Spatial Externalities and the City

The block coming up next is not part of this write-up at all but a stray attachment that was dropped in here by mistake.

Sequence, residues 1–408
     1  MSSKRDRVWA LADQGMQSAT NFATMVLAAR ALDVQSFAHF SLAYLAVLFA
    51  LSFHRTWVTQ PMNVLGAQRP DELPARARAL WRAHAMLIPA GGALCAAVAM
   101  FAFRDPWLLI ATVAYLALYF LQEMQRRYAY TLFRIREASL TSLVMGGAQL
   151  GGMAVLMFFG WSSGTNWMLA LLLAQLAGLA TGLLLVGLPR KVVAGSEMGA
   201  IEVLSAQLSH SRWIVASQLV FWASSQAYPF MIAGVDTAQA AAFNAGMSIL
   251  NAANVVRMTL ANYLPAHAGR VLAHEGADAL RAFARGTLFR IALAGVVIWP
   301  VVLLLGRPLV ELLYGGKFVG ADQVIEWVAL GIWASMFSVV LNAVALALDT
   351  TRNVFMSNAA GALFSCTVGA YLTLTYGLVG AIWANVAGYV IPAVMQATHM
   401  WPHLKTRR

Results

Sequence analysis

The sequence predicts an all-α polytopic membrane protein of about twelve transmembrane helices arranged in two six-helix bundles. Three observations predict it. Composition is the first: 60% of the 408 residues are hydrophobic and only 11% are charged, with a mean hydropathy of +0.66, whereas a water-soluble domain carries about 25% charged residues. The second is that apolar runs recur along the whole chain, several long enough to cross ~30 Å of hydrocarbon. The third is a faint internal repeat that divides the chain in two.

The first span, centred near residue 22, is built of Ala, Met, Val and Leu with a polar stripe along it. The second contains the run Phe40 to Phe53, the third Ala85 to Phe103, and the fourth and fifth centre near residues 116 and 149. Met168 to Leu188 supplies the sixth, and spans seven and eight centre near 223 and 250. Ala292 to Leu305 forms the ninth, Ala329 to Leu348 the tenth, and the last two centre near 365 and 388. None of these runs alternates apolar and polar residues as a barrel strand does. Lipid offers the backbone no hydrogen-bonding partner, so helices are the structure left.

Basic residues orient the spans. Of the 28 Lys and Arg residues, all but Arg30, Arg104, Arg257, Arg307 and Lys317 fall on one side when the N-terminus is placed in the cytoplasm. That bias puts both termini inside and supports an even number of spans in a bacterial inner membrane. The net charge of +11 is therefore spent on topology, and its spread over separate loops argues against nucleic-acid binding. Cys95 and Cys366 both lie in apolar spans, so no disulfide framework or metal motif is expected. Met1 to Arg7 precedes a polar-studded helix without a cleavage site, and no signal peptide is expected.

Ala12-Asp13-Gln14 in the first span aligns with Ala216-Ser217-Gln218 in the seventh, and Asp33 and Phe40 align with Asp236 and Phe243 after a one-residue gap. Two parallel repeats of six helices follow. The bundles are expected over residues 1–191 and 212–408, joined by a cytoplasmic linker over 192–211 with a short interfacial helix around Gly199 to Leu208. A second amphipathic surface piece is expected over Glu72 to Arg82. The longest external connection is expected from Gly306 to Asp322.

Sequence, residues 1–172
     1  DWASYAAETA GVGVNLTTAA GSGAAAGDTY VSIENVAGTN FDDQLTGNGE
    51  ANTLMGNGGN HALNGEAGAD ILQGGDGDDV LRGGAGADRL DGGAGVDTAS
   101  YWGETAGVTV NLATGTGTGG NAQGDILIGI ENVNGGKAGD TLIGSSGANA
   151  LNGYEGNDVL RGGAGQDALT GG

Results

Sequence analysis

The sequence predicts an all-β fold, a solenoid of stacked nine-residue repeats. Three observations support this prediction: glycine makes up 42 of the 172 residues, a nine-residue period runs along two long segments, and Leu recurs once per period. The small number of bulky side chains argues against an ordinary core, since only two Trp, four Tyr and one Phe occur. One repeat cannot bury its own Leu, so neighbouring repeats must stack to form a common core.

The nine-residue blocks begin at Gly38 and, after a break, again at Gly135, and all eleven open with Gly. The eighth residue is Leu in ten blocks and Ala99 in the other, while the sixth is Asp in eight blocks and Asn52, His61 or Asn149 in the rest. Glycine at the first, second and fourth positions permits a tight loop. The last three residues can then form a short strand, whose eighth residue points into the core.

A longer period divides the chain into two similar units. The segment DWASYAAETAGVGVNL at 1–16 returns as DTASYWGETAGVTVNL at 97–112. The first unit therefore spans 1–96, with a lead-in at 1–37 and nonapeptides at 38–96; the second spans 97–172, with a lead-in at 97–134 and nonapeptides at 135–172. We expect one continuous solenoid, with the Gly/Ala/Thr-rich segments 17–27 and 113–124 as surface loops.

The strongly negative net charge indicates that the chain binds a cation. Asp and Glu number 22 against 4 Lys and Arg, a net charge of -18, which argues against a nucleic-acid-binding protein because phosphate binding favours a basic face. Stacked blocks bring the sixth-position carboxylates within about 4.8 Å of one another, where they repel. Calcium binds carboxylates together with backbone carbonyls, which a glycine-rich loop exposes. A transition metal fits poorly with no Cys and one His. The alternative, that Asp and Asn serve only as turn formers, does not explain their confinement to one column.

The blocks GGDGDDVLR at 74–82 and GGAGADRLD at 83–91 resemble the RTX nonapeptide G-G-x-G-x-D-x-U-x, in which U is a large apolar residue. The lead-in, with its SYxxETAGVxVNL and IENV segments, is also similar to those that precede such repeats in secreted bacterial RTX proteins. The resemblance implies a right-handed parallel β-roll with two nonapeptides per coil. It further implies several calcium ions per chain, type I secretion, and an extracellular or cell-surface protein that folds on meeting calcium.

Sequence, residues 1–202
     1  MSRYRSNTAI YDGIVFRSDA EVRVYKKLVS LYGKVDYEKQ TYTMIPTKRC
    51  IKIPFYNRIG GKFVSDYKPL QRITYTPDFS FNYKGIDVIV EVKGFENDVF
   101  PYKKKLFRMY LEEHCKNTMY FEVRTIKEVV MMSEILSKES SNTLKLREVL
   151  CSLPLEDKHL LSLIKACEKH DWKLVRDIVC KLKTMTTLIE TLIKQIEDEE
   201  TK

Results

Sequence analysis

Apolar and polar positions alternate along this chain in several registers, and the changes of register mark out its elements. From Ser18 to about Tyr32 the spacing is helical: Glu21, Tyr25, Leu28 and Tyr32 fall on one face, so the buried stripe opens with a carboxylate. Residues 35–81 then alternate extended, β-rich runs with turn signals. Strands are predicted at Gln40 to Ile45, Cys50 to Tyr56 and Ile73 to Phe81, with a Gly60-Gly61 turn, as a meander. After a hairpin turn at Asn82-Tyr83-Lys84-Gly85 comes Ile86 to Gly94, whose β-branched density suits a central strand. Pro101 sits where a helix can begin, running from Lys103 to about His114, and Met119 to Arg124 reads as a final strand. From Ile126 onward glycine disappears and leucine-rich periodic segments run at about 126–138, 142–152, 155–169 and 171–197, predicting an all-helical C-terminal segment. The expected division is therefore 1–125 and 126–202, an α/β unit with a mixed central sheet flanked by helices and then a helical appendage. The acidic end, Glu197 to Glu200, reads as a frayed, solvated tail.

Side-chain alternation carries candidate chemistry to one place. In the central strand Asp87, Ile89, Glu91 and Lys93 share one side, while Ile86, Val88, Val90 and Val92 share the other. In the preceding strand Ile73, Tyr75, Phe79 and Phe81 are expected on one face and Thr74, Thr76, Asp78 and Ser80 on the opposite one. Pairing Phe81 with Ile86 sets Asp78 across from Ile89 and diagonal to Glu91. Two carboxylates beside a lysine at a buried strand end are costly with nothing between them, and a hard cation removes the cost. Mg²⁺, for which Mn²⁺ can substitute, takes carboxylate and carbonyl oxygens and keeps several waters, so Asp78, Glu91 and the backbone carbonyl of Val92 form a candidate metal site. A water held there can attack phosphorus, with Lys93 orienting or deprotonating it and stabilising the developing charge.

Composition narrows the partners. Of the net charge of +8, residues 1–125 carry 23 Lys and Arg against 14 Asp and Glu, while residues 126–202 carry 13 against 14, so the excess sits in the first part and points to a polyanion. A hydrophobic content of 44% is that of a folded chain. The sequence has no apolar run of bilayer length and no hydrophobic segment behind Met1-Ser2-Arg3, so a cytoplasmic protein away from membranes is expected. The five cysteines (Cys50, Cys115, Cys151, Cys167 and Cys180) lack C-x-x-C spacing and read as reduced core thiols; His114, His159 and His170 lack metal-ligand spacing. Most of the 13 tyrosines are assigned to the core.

This chapter describes the way individuals respond to a spatial externality when both optimal land values and bid-rents equal the shadow value of land. This proposition implies that the optimum under zero aversion becomes more compact relative to the corresponding equilibrium with externality. When the quality of the environment is endogenous, further to the spatial externality effect just described, spatial adjustments are also influenced by a land-value effect. The chapter shows that how cities adjust to a number of major spatial externalities. Since, for pollution from moving sources and congestion from stationary sources, the spatial externality effect and the land–value effect work in opposite directions, it is not possible to determine how optima must be spatially adjusted relative to the equilibrium. It is easy, within the institutional framework, to examine how robust these conclusions are for different specifications of a spatial externality. It is also possible to compare the effects of different spatial externalities.